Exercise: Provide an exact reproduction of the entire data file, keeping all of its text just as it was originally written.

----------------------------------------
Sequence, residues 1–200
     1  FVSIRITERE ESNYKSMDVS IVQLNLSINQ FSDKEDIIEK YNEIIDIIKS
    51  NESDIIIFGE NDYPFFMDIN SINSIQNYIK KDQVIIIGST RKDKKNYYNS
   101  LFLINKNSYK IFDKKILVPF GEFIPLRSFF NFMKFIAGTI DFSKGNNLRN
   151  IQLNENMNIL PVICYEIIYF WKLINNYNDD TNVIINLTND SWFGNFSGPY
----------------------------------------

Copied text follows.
Sequence, residues 1–200
     1  FVSIRITERE ESNYKSMDVS IVQLNLSINQ FSDKEDIIEK YNEIIDIIKS
    51  NESDIIIFGE NDYPFFMDIN SINSIQNYIK KDQVIIIGST RKDKKNYYNS
   101  LFLINKNSYK IFDKKILVPF GEFIPLRSFF NFMKFIAGTI DFSKGNNLRN
   151  IQLNENMNIL PVICYEIIYF WKLINNYNDD TNVIINLTND SWFGNFSGPY